UPDATE 1-Brent dips toward $105, supply fears ease after Egypt army move
* Egypt army topples president, announces transition
* US crude stocks post biggest summertime drop in 13 years -EIA
* Coming Up: U.S. June non-farm payrolls on Friday
SINGAPORE, July 4 (Reuters) - Brent crude slipped from a two-week high on Thursday as the threat of a disruption in supplies from the Middle East eased after Egypt's armed forces toppled the country's president to force a resolution to a political crisis there.
Egypt has been facing mass demonstrations since June 30 by opposition calling for the resignation of Islamist President Mohamed Mursi and his supporters. But the Suez Canal, a key waterway for oil shipments and vital to Egypt's struggling economy, has been unaffected by the uprising.
"There is no sign of supply disruption," said Tetsu Emori, a commodities fund manager at Astmax Investments in Tokyo. "People are thinking about the potential impact on oil supply in the Middle East if there is turmoil in other countries."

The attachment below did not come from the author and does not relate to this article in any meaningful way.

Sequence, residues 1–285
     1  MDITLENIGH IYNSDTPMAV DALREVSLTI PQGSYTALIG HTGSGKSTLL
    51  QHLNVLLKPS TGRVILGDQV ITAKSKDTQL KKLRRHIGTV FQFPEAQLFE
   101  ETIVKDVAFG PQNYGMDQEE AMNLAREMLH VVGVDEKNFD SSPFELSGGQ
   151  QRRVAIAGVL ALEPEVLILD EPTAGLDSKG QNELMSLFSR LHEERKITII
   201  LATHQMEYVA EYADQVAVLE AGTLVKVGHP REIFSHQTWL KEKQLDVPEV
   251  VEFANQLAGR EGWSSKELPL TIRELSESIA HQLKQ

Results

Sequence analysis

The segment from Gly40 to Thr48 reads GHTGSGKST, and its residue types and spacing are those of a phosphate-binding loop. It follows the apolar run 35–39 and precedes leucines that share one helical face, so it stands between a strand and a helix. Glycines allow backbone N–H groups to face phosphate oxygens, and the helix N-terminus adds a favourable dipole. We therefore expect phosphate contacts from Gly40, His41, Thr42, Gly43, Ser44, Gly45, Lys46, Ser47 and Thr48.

Brent crude fell 23 cents to $105.53 a barrel by 0535 GMT, after settling at its highest since June 19 on Wednesday. U.S. crude edged up 11 cents to $101.35, but was off a 14-month peak of $102.18 hit in the prior session.
"We should see prices retreat," said Jonathan Barratt, chief executive of Sydney-based commodity research firm Barratt's Bulletin. There can be more downward pressure on Brent than West Texas Intermediate (WTI) crude as receding worries about Middle East oil supply disruption could narrow the price gap between the two benchmarks, he added.
Brent's premium to U.S. crude <CL-LCO1=R> hit its narrowest since December 2010 on Wednesday.
WTI crude received a boost after U.S. weekly inventory data showed that stockpiles fell by more than 10 million barrels, the biggest drop for this time of year in nearly 13 years.
Gasoline and distillates stockpiles also fell against forecasts for increases.
Traders are now waiting for the non-farm payrolls data from the United States on Friday for affirmation that recovery at the world's largest economy is on track.
The data could also provide some indication on when the U.S. Federal Reserve could start rolling back its bond-buying programme and tighten global liquidity.
Oil trading on the CME Group's New York Mercantile Exchange is closed on Thursday in observance of the U.S. Independence Day holiday and electronic trading resumes at 6 p.m. for Friday July 5.
(Editing by Himani Sarkar)